- Feb. 23, 2021
-- Diseases are the major cause of sufferings and socio-economic disruptions worldwide. With the emergence of new and unknown diseases as well as growing ineffectiveness of the existing medicines, we are on a crossroads of looming uncertainty. However, the bottom line is that most of the diseases can be cured through the availability of effective and affordable medicines. The word "Clinical trials" relates to the science of bringing out newer, better and safe medicines to serve the mankind. Typically, it takes approximately 12 years and millions of dollars to bring one new drug from conception to market out of which 6–7 years are spent in various phases of clinical trials. Clinical trials are conducted in four different phases (I, II, III, and IV), where each phase is aimed at addressing a scientific question. While the initial safety of a new drug is established in phase-I of clinical trial the later phases establish the efficacy of the drug along with the safety. As clinical trials are conducted in a phase-wise manner, the next phase is initiated only if the drug passes the earlier phase.
Site ClinicalTrials.gov (a registry and results database of publicly and privately supported clinical studies of human participants conducted around the world) enlists a total of 35520 and 36743 clinical studies across 219 countries for the year 2019 and 2020. Of the 35520 clinical studies registered during the year 2019, cancer tops the therapeutic area list with 19.5% share followed by cardiovascular diseases (11.1%), respiratory (7.7%), central nervous system (7.5%), infectious diseases (7.2%) and diabetes (3.9%). As compared to 2019, the year 2020 witnessed a 13% growth in the total number of studies with a surge in the clinical studies on infectious diseases. The therapeutic area-wise distribution of these studies once again reveals a highest share for cancer studies (18.9%) followed by cardiovascular diseases (10.5%), respiratory (10.3%), infectious diseases (10.3%), central nervous system (6.9%), and diabetes (3.4%). The phase-wise distribution of these studies during the last two years reveals a maximum number of studies in Phase II (12.3% and 13.3%) followed by Phase I (9.5% and 9.2%), Phase III (6.0% and 6.4%) and Phase IV (4.7% and 4.3%) respectively. With a listing of 281 (0.86%) and 306 (0.83%) studies for the year 2019 and 2020, India represents a participation of less than 1% in these studies.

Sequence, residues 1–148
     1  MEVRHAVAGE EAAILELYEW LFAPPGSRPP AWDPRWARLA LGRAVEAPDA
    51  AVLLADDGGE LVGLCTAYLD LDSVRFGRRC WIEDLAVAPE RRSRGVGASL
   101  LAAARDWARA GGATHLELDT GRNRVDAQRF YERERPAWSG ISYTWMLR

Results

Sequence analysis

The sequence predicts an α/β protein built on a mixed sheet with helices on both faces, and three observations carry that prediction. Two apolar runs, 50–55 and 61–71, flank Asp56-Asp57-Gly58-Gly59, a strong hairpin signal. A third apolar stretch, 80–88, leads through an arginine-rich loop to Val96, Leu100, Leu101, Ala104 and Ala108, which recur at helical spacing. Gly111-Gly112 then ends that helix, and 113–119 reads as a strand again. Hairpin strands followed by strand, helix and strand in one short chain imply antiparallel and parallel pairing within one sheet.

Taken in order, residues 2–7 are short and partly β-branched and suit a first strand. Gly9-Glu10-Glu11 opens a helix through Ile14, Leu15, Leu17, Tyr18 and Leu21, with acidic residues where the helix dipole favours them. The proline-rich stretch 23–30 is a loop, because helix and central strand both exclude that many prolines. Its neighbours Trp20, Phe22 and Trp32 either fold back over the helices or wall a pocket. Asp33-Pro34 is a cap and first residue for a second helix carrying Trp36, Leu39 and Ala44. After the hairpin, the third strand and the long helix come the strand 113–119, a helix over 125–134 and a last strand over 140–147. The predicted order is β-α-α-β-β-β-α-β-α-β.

With the availability of a large pool of GCP trained investigators and clinical research professionals, India can contribute significantly to the global drug development programs. The recent example in the domain of COVID-19 vaccine manufacturing has already demonstrated the supremacy of Indian pharmaceutical industry to the rest of the world and there is no reason why clinical research can't follow the footsteps.